From Publishers Weekly
Despite its title, this book should not be confused with Jack Miles's God: A Biography
or Karen Armstrong's A History of God
. Those books are works of serious scholarship for the general public; this one seems more like a Monty Pythonesque Book of Lists as Bertrand Russell might have compiled it. Waughâ"grandson of Evelyn, son of Auberonâ"comes by his cynicism honestly and employs it relentlessly as he piles up thousands of tidbits about God from the Bible, the Qur'an, the Book of Mormon, the Mishnah, the Gnostic gospels, Dante, the medieval mystics and John Milton. Dividing his chapters by Shakespeare's seven ages of man, he amasses creation stories in chapter 1 ("Mewling and Puking"), stockpiles death-of-God philosophies in chapter 7 ("Sans Everything"), and in between accumulates snippets about every imaginable or unthinkable topic including God's preferred smells (burnt meat and incense), short memory and, above all, vicious cruelty. Though Waugh says that questions about God's existence and nature "ought to be treated with respect at the very least, for they are questions of the utmost historical significance," his own approach relies heavily on sarcasm and acrimony. "God must be gratified," he writes, "surprised, puzzled even, that he is nowadays so often described as 'good'â"especially since the holy scriptures bear a considerable weight of testimony to the contrary." Readers who appreciate British schoolboy humor, are amused by exaggerated literalism and enjoy poking fun at organized religion will hail this encyclopedic mishmash.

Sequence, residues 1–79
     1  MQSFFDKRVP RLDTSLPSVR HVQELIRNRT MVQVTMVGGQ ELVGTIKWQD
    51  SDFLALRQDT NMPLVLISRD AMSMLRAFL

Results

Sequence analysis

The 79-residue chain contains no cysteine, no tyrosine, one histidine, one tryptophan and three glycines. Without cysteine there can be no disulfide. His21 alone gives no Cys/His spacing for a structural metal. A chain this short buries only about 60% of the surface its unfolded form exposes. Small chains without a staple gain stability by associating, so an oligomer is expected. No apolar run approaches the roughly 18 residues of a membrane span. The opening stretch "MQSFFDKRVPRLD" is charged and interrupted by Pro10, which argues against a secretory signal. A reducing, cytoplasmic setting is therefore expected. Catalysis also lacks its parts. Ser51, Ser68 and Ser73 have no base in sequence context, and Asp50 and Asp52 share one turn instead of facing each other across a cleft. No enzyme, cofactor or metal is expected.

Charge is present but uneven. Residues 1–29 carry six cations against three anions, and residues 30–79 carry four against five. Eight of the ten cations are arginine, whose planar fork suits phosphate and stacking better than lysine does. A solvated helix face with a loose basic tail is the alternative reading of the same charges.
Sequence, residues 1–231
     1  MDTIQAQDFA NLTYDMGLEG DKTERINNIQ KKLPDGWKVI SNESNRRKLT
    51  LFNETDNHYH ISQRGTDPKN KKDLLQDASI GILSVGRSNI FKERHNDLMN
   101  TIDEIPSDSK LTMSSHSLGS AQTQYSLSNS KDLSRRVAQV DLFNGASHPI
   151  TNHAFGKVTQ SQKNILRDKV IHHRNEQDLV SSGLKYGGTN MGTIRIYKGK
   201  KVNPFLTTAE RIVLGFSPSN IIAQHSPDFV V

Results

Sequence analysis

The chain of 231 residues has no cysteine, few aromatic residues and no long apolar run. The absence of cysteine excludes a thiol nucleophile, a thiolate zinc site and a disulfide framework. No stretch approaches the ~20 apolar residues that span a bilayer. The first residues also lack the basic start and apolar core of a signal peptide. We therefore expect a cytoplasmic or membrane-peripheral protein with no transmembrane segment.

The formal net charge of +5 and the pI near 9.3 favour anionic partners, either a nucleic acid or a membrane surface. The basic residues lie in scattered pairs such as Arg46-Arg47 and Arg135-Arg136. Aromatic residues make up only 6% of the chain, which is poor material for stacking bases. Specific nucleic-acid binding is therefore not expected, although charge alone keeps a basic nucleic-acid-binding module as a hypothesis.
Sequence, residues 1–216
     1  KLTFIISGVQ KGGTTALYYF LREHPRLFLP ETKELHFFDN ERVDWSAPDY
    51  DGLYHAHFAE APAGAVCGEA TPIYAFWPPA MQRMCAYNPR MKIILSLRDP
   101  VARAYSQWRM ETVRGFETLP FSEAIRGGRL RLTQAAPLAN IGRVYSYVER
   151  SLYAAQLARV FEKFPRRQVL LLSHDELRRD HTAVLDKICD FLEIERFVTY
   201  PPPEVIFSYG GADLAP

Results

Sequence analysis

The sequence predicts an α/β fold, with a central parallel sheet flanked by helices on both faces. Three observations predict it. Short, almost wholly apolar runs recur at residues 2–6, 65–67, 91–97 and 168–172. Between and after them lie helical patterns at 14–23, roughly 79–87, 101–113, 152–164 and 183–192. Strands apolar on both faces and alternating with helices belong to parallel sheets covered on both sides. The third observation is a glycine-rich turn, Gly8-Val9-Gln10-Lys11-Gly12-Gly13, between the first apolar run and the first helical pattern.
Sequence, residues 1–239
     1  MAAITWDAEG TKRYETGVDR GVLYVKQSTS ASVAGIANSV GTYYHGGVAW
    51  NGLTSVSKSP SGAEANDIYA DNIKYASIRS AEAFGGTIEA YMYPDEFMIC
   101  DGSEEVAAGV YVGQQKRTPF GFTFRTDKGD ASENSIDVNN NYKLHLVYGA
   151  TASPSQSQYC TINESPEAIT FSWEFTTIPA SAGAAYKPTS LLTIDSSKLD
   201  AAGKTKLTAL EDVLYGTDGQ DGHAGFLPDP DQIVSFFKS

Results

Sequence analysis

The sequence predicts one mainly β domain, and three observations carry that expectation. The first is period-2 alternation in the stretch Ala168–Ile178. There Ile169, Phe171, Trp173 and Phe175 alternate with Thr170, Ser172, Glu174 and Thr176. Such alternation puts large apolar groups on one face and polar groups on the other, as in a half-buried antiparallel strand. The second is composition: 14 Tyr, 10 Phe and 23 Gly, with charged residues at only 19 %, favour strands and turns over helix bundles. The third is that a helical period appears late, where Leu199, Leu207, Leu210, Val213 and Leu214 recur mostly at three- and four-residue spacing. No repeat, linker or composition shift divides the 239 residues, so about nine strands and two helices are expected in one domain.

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Like his famous grandfather, novelist Evelyn Waugh, Alexander is erudite and flinty, possessed of a fierce, highly toned intelligence and a wicked sense of humor. Much has been written about scripture and theology, he observes, but virtually nothing about God. So, by means of 257 talking points that plot out a line of argument, rather than a traditional narrative arc, he attempts a portrait of God. He asks questions about God and comments on the God that appears in various guises in the sacred books of the Hebrew Bible, the New Testament, the Dead Sea Scrolls, and the Qur'an, as well as in the writings of mystics and prophets. Among specific topics, he discusses Adam and Eve, the Tree of Knowledge, Cain and Abel, the virgin birth, the corporeal nature of God, celestial laughter, the Ten Commandments, the Muslim conception of Jesus, temptation, Friedrich Nietzsche, and much more. The resulting dialectic about the nature of God is fascinating, provocative, entertaining, and guaranteed to set more than a few tongues wagging. June SawyersCopyright © American Library Association. All rights reserved